Accountability is Not Blame
accountable, adjective, “required to render account”
Tidy First? starts with, “Software design is an exercise in human relationships.” Since human relationships don’t come naturally to me, I’ve been digging into how relationships work before starting on the second book in series. So far we have:
Relationships often need to work across power differentials.
Even in a power-differentiated relationship, both parties choose between cooperative & extractive approaches.
Time & tradition have yielded strategies that encourage cooperation—responsibility (consequences flow towards power), transparency, “commander eats last”.
Some powerful folks, understandably but (in my view) short-sightedly, attempt an extractive approach while keep the less powerful cooperating.
And so we get nonsense like CEOs saying, “I take full responsibility for these layoffs,” while experiencing only positive consequences. That word “responsibility” is supposed to signal the safety of continued cooperation, but has been co-opted.
We have strategies for encouraging cooperation. Counterfeiting these strategies is also valuable. That’s why I differentiate between the strategies (like consequences flowing towards power) & the words we use. Even with the best of intentions whatever word you use to refer to a strategy, someone will come along & twist it.
Here’s another of those cooperation-encouraging strategies: providing an unvarnished accounting of the consumption of resources. If you give me $100 to buy party supplies & I come back with an empty bag & vague explanations, you’re not going to give me $100 again. You will have to buy your own party supplies & our relationship will be damaged.
If instead I say, “I spent $15 on chips & $35 on soda & $55 on hot dogs”, then you will trust me next time. If I also say, “…& $5 on a chocolate bar which I ate on the way home,” well, you might not be happy about the five bucks but you’re going to trust me even more.
I have rendered an account to you of my stewardship of the resources you have entrusted to me. By rendering that account without deflection or blame, I have demonstrated trustworthiness. Our relationship is stronger, more valuable.
“Hold Accountable” is Blame
Blame is the opposite of responsibility—someone with power pushing consequences away from themselves & onto someone with less power. Blame is one of those “power extracts but tries to keep the less powerful cooperating” strategies. Everybody knows the word “blame”, though, & knows it’s bad. So powerful people can’t say “blame”. But (those short-sighted ones) still want to blame. What to do?
Hijack one of those words attached to a constructive concept! Instead of saying, “If this goes badly I’m going to blame you,” the powerful person says, “I’m going to hold you accountable.” (Somehow “holding accountable” only applies if things go badly.)
Accountability in the sense I described it above is a relationship building strategy. “Holding accountable” is blame by another name, a relationship decaying strategy.
Accountability is Vulnerable
The first time I was deliberately accountable I panicked. I was used to deflecting, blaming, manipulating. It felt terrible to just say, “I spent this, I spent that, I wasted this much.”
What I discovered is the only person I was fooling with my deflecting, blaming, & manipulating was me. I felt better, protected, but the people around me felt suspicious. They knew they couldn’t trust me.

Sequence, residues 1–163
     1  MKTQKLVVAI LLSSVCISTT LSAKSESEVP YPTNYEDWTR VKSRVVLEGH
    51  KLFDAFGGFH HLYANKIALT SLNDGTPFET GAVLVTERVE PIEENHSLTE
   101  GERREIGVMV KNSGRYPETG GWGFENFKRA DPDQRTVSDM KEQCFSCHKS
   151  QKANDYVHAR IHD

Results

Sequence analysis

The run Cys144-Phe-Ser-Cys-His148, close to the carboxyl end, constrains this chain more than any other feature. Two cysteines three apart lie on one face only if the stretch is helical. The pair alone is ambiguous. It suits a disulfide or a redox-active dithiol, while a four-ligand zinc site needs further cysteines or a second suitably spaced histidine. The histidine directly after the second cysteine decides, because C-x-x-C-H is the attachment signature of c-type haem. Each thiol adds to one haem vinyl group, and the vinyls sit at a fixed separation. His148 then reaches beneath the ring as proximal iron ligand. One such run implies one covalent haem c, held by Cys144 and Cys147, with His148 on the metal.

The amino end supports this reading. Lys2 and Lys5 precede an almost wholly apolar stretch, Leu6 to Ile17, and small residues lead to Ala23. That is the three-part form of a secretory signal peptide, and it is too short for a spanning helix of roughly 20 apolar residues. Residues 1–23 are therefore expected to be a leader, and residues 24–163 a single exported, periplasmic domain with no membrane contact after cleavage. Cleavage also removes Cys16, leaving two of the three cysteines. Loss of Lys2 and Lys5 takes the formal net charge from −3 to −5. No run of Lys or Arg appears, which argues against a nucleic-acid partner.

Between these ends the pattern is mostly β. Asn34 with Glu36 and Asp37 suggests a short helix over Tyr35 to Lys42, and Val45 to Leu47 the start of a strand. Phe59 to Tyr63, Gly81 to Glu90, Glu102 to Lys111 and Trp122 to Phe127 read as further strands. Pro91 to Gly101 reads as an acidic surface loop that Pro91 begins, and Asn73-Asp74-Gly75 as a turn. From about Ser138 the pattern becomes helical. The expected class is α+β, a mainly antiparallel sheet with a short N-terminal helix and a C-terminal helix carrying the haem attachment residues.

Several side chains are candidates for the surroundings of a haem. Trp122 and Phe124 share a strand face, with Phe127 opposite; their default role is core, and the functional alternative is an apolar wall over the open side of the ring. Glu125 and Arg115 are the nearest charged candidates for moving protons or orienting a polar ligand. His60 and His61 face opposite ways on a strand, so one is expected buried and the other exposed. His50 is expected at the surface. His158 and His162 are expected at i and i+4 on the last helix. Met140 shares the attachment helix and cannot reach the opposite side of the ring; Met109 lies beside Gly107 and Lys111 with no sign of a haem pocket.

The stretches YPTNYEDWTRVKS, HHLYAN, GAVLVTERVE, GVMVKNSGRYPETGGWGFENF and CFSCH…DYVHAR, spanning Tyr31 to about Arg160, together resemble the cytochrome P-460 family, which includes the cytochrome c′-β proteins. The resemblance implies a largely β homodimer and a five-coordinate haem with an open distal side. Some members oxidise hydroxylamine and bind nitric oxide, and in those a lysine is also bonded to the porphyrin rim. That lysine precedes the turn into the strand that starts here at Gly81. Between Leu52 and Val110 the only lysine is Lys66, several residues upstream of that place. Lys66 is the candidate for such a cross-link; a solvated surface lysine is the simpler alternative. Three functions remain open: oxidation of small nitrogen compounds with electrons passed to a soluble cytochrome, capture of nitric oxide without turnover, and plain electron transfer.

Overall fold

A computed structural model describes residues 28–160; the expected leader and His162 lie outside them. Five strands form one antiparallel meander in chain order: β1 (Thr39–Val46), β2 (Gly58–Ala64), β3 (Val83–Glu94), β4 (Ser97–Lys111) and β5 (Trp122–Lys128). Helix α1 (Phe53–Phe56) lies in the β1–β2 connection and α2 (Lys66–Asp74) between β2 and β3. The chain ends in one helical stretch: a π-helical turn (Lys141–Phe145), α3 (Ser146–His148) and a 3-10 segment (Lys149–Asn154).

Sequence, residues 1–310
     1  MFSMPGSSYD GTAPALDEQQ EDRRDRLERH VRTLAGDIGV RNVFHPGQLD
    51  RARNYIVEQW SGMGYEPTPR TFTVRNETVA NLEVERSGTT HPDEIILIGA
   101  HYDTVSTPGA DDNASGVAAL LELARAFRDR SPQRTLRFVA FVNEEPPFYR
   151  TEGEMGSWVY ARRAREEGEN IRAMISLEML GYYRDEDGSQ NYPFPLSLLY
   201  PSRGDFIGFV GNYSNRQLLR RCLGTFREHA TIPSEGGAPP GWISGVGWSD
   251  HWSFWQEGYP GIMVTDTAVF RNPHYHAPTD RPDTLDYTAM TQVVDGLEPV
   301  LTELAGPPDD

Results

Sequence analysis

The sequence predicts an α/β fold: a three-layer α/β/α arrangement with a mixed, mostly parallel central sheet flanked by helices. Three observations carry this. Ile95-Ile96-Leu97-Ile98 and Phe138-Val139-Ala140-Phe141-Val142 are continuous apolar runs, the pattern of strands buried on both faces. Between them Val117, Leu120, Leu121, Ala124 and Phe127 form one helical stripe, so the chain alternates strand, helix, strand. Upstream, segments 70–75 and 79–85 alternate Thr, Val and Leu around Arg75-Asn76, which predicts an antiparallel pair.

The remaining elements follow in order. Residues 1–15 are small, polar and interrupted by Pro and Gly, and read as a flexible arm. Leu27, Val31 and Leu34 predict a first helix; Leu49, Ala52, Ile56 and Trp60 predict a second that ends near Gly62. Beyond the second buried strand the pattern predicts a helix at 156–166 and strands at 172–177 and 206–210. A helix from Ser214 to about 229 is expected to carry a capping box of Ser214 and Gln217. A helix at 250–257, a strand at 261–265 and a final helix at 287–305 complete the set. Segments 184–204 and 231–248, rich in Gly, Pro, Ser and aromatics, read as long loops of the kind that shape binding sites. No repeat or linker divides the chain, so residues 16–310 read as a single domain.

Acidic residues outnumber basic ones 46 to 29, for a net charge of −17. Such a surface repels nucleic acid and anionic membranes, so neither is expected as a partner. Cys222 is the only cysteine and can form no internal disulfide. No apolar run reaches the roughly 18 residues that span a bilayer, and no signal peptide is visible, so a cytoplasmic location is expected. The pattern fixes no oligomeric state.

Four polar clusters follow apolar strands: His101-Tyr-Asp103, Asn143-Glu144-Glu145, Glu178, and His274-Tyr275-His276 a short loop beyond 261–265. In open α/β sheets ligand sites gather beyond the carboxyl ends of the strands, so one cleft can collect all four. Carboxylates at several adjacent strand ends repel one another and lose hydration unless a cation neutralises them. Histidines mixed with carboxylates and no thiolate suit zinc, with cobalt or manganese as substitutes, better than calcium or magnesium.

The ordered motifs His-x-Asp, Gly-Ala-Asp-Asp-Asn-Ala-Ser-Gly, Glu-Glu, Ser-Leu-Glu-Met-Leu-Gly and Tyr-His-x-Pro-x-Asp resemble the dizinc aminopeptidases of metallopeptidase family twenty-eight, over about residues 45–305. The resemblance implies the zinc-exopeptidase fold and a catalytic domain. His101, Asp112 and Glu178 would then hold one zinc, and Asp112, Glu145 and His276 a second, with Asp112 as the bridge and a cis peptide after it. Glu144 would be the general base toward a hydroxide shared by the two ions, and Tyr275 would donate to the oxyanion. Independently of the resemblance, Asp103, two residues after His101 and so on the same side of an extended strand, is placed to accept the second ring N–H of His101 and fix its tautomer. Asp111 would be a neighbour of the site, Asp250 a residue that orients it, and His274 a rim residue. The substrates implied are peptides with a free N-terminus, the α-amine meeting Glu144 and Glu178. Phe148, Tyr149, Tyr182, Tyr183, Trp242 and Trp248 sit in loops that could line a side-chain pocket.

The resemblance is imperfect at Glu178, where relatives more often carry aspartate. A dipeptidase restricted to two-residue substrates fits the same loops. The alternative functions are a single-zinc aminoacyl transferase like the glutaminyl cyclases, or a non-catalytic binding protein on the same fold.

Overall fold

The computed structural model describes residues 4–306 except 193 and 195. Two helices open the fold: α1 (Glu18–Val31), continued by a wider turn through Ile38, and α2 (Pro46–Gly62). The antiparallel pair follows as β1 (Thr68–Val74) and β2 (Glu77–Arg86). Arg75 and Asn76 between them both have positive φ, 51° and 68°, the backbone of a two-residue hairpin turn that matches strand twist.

When I began to practice accountability people relaxed around me. They were more vulnerable & open themselves. We cooperated more fully.
(Then a person I was accountable to began to use my vulnerability against me, but that’s a story for another day.)
(Power is Subtle)
Something I noticed as I was writing this is that the power in power-differentiated relationships isn’t as simple as “A has more power & B has less & that’s that”. That model is too simple. Power flows along many dimensions & those dimensions change in time.
Take an example from software development. If Manager asks for a new button & Programmer agrees to implement it, it looks like Manager has more power than Programmer. However, Manager has promised the button to Customer. They are on the hook (responsible) for the button without being to actually make it. The power in the relationship has temporarily flowed to Programmer.
That’s why Programmer may want to be accountable to Manager, to encourage trust. If Manager defects, says to Customer, “Well, I wanted to give you the button but you know those dang programmers. Look at all the time they wasted.” then Programmer would be self-defeating to keep being accountable. If Manager continues cooperating even in the face of disappointment, accountability can be the basis for learning & future cooperation.
Accountability also works as a strategy for the relatively empowered person in a relationship. Imagine that CEO saying, “A year ago I saw this information & made that decision. Six months ago I saw this information & made that decision. Now this is the information & I’m choosing to lay people off.” I’d trust that explanation (& that person) far more than folks spouting off about changing macro conditions.
Thanks for the article! A couple of questions:
* What do you mean by extractive approaches. Is it similar to stopping cooperating (deflecting)?
* I struggle with the concept of accountability. It makes sense conceptually, but it the harder to exercise practically. We don't have many knobs to push the consequences of bad decisions, and they are rather dramatic (firing you, lousy performance review) and infrequent (once in your employment or once a year) to be helpful as a feedback loop. I feel that accountability is a farce as it only works when everyone has trust, and everyone has the same accountability framework that they use willingly and regularly. Can we make accountability work if we can't apply that consistently?